The more modern the period, the more lethal the shooting, the more terrain you need.

As a rule of thumb, I place terrain either one move apart [for quick dash terrain to terrain] or two moves apart [for vulnerability in the open].

Hope that helps.

Oberlindes Sol LIC Supporting Member of TMP24 Jun 2021 10:59 a.m. PST

I'm with Blutarski. Hidden units and movement reflect reality in just about any era, and make for more interesting and enjoyable play.

Wolfhag24 Jun 2021 11:43 a.m. PST

I'm with Blutarski too. I use hidden deployment for static units. The attackers in LOS move until they get ambushed and then the action starts. For meeting engagements, the two sides show the GM their start location from the table edge (no LOS) and their intended movement path and speed. We can then quickly figure out where the first LOS between opponents will occur and then put the units on the table.

This can result in the meeting engagement starting with a skirmish between the recon vehicles and the enemy location can be radioed to the main body (still out of the LOS) to make adjustments to engage or flank. I've found the hard-core modelers don't like this as they want all of their toys on the table immediately.


Personal logo Old Contemptible Supporting Member of TMP24 Jun 2021 1:03 p.m. PST

Martin Rapier +1

UshCha27 Jun 2021 10:25 a.m. PST

Stalkey and Co has it most wargames have utterly unrealistic terrain. We used to use real maps and or Google photos of terrain. Sometime even looking at the real thing to estimate its tactical implications like bridge weight limits etc. Now we have a general idea of what real terrain looks like we sculpt a battlefield to meet the demands of a scenario but with one eye on what is plausible with the ground scale. For small scale (1/144) terrain like Hexon II while not perfect is infinitely better than the "Just blob a hill here and there" standard of terrain, massively unrealistic for where I fight.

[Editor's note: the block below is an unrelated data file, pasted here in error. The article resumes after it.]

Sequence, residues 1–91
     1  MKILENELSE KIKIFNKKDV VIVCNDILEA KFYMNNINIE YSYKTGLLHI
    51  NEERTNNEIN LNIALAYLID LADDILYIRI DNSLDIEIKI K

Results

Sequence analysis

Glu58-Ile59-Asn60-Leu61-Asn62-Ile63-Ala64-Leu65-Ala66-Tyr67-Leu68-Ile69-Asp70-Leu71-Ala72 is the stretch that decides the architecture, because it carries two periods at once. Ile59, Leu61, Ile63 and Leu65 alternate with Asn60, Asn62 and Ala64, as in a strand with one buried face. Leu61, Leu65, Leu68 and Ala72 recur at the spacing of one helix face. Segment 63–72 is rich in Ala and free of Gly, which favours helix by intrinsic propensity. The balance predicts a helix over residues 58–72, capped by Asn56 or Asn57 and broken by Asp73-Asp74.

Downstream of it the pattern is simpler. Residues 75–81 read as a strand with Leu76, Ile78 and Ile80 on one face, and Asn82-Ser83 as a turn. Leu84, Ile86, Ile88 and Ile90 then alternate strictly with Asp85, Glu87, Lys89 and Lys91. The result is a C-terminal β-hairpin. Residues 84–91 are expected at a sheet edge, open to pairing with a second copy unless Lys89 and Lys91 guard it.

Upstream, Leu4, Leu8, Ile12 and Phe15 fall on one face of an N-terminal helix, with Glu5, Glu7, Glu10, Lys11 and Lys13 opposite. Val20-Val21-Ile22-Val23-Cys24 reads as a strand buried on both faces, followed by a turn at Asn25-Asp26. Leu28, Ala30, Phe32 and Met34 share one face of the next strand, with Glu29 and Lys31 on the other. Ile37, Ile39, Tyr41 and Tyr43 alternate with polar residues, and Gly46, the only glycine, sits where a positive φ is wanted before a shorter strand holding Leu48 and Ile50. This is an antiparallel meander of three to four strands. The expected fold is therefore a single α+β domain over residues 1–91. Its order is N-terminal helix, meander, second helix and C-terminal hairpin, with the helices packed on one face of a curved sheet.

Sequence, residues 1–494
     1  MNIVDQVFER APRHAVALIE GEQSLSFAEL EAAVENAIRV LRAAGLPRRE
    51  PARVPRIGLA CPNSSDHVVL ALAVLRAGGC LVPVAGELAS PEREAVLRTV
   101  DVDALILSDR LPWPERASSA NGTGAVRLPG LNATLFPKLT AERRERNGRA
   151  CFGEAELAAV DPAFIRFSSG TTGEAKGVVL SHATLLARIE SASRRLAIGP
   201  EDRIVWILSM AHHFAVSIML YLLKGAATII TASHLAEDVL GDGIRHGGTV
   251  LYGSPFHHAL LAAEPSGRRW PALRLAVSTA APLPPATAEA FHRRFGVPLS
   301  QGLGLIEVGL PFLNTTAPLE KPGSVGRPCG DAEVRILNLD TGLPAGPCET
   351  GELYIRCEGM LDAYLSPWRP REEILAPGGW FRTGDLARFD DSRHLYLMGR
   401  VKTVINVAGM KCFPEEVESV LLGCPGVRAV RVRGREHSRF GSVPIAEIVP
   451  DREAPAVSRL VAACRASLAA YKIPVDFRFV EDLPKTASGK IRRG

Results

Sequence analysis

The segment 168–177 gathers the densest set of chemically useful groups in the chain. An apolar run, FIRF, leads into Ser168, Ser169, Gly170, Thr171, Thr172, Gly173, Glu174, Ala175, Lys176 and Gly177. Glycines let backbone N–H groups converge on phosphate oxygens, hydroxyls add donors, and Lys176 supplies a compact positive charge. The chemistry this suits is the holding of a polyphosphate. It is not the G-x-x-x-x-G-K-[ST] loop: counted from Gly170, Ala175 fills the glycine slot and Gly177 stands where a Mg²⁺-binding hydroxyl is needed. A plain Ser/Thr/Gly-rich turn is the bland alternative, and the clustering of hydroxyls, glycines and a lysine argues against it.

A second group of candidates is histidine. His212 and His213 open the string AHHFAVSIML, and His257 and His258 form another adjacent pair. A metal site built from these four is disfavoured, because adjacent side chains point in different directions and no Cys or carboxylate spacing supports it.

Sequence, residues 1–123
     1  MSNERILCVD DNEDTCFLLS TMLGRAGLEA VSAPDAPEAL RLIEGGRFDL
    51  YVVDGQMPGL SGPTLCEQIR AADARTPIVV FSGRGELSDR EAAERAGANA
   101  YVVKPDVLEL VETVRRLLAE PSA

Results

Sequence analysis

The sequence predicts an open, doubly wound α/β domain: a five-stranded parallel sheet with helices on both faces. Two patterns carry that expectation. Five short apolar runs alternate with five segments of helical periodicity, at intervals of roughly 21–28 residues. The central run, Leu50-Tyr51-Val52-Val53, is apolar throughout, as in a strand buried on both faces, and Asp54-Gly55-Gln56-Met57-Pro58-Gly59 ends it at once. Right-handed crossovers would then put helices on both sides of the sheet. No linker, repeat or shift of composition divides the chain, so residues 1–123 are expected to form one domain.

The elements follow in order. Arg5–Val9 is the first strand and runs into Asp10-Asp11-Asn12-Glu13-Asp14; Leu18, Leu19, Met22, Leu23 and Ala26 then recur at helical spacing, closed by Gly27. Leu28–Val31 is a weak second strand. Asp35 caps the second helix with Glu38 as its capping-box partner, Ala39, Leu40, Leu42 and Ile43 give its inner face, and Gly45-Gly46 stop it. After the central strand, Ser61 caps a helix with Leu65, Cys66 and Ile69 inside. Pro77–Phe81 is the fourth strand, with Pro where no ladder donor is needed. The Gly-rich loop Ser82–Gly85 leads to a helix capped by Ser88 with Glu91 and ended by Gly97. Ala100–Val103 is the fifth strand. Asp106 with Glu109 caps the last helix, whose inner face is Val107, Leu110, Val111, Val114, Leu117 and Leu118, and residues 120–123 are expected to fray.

Some Toy soldier bloke came and told us it was unrealistic terrain at 1/72 at a convention. We agreed but asked why, far too many hedges he said. WRONG we ran out of hedges so we had too few. We showed him the map and showed the missing hedges. He said nobody would have reason to fight there it was stupid. We showed him a bit more map. Said terrain was actually on the perimeter of an airfield!

I never understood playing without learning about the tactics and terrain the real army battled in. But each to their own.

Aldroud05 Jul 2021 5:58 a.m. PST

A rule of thumb I like (believe it came out of White Dwarf) is all terrain bits should cover 1/3 of the table if placed edge to edge. Then you know you have enough for aesthetics and playability.

Fire abd Fury does a good job mapping out what a table should look like, but lord it is difficult to do right. Building a F&F table is a hobby unto itself.

Personally, I like urban combat. Trained as a MOUT instructor when I was in the Army.

UshCha06 Jul 2021 6:45 a.m. PST

A good rule of thumb to me is a real map! You at least get the road density correct for the ground scale and the size of the built up areas, even if you have to simplify them.
If your game has no real ground scale do what you like as its pure fantasy.

Personal logo etotheipi Sponsoring Member of TMP07 Jul 2021 1:53 p.m. PST

A real map is as good a fiction as any.